In FIG. 13, the transistor P4 is used as part of the CMOS switch element for both the differential structure and the feedback circuit by providing the connection between the drain of P4 and the resistor R1. In general, any of the CMOS switch elements may be combined to reduce interconnect parasitics or to reduce the number of transistors required in the circuit.

Many variations of the above described circuits may be implemented. In general, the invention is directed to a Schmitt Trigger circuit which incorporates a differential structure and includes a combination of N channel and P channel transistors functioning as a switch to reduce the power supply current required by the structure. Similarly, power supply current requirements are reduced by providing a combination on N channel and P channel transistors connected to the feedback circuit of the Schmitt Trigger. The feedback circuit may contain resistors, diodes, MOS or bipolar transistors, or other elements to achieve the desired accuracy in the threshold voltages.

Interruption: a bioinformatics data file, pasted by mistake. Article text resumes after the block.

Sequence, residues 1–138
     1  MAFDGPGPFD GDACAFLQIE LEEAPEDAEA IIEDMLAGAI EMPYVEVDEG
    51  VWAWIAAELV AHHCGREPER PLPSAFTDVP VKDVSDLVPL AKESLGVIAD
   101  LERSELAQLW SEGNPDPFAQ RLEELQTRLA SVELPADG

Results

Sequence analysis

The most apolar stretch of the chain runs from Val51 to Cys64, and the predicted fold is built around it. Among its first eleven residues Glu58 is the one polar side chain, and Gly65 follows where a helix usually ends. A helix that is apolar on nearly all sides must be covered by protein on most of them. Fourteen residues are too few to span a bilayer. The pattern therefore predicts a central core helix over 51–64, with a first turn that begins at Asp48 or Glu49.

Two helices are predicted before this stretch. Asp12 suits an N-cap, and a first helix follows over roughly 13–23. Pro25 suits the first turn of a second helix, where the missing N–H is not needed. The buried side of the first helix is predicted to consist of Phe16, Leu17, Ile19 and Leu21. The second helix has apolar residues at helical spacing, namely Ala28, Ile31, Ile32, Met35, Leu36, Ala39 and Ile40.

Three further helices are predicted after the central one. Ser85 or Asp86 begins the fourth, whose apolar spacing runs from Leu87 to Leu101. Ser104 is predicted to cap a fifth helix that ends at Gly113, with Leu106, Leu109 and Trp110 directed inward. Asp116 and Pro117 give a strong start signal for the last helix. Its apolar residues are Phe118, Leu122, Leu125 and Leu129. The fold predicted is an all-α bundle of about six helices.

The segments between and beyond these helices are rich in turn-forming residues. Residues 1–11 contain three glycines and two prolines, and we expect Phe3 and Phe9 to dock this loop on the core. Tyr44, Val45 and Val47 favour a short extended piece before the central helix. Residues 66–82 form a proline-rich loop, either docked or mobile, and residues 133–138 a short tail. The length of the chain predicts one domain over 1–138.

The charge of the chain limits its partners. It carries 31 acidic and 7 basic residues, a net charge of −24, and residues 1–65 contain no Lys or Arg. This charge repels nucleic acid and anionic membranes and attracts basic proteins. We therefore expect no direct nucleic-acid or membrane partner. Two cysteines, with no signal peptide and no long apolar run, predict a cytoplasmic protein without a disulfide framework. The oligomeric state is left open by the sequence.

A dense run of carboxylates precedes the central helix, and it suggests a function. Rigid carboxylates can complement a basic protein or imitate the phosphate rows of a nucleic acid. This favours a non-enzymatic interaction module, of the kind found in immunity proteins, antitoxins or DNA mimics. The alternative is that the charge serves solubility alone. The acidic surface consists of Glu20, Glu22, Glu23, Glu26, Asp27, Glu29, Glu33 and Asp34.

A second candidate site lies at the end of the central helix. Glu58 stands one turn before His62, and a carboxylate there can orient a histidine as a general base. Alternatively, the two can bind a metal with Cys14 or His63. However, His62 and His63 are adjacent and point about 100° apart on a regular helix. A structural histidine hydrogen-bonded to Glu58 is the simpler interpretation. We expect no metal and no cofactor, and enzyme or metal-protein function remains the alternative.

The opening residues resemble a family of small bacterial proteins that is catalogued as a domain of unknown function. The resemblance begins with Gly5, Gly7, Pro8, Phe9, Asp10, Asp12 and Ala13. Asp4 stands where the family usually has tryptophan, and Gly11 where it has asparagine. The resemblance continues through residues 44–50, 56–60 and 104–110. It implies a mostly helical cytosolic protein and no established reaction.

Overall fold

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Referenced by
Citing PatentFiling datePublication dateApplicantTitle
US4904884 *Apr 21, 1988Feb 27, 1990Western Digital CorporationSchmitt trigger adapted to interface between different transistor architectures
US4940907 *Jan 19, 1989Jul 10, 1990Ford Motor CompanyPrecision CMOS comparator with hysteresis
US5122680 *Oct 29, 1990Jun 16, 1992International Business Machines CorporationPrecision hysteresis circuit
US5189318 *Oct 11, 1991Feb 23, 1993Sharp Kabushiki KaishaAnalog signal extracting circuit
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US5530401 *Jun 7, 1995Jun 25, 1996International Business Machines CorporationSingle source differential circuit
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Classifications
U.S. Classification327/206, 327/73
International ClassificationH03K3/3565
Cooperative ClassificationH03K3/3565
European ClassificationH03K3/3565
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Aug 8, 2000ASAssignment